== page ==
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Dublin: 10°C Monday 19 April 2021

Children of women who gain excess weight during pregnancy are more likely to be obese

The study followed 24,000 women.

Image: Shutterstock/Subbotina Anna

CHILDREN WHOSE MOTHERS put on excess weight during pregnancy are more likely to be overweight or obese.

A new study by US health group Kaiser Permanente published in the journal Maternal and Child Health followed 24,000 women for ten years.

It is the largest study ever on the topic and the first to show that excess weight gain and elevated blood sugar levels increase the likelihood of childhood obesity even in babies who are normal weight (5.5 to 8.8 pounds) at birth.

Previous studies have shown that excess weight gain and elevated blood sugar during pregnancy increase a woman’s risk of delivering a large baby who is more likely to become an obese child; however, until now, there wasn’t much evidence that these risk factors also affected normal-weight babies.

“When women have elevated blood sugar and gain excess weight during pregnancy, it seems to change the baby’s metabolism to ‘imprint’ the baby for childhood obesity,” says Teresa Hillier, MD, lead author and senior investigator with the Kaiser Permanente Centre for Health Research.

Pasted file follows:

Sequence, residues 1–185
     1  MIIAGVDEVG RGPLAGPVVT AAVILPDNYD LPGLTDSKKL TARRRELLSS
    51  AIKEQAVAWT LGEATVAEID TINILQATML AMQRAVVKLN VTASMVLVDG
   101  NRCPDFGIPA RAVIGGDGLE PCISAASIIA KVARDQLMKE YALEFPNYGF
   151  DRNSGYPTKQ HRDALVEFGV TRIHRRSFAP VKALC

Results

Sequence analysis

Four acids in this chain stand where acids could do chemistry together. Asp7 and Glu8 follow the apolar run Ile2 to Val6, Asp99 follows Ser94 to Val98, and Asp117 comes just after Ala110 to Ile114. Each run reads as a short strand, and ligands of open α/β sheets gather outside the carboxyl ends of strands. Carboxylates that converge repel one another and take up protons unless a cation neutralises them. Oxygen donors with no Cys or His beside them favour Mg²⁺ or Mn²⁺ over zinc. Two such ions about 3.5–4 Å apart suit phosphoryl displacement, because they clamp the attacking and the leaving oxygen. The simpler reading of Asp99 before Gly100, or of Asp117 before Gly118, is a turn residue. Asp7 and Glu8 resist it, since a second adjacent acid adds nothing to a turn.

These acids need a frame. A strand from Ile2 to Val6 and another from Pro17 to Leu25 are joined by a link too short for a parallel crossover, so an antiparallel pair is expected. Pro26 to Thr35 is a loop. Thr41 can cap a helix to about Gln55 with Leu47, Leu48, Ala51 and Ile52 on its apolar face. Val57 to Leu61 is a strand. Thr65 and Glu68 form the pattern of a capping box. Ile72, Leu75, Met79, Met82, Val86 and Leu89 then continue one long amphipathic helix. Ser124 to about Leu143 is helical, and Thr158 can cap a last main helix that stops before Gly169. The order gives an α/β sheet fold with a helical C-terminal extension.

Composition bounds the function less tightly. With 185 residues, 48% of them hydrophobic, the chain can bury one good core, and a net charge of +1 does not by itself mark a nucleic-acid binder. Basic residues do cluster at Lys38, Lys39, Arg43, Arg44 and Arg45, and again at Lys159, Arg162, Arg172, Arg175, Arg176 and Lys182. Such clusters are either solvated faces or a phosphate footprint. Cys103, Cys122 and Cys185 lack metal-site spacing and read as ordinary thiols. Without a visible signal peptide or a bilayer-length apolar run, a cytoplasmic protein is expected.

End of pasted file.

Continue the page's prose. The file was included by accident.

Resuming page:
“We’re not sure yet of the exact mechanism of this change, but it appears the baby is adapting to an overfed environment, whether from glucose or extra weight.”

All children of mothers who had elevated blood sugar during pregnancy were at higher risk for childhood obesity, but those whose mothers had gestational diabetes – the highest level of elevated blood sugar – were at the greatest increased risk.

Those children were at least 30 percent more likely to be overweight or obese between the ages of two and ten, compared to children whose mothers had normal blood sugar.

The authors say this study shows that the effect in the womb on the baby’s metabolism may be as important as what happens after the child is born.

“We can’t wait until the baby is born to determine and address the impact on childhood obesity,” said Hillier, who is an endocrinologist.

“We need to intervene during the mom’s pregnancy to help her with nutritional and lifestyle changes that will result in healthy weight gain, healthy blood sugar and ultimately, healthy children.”

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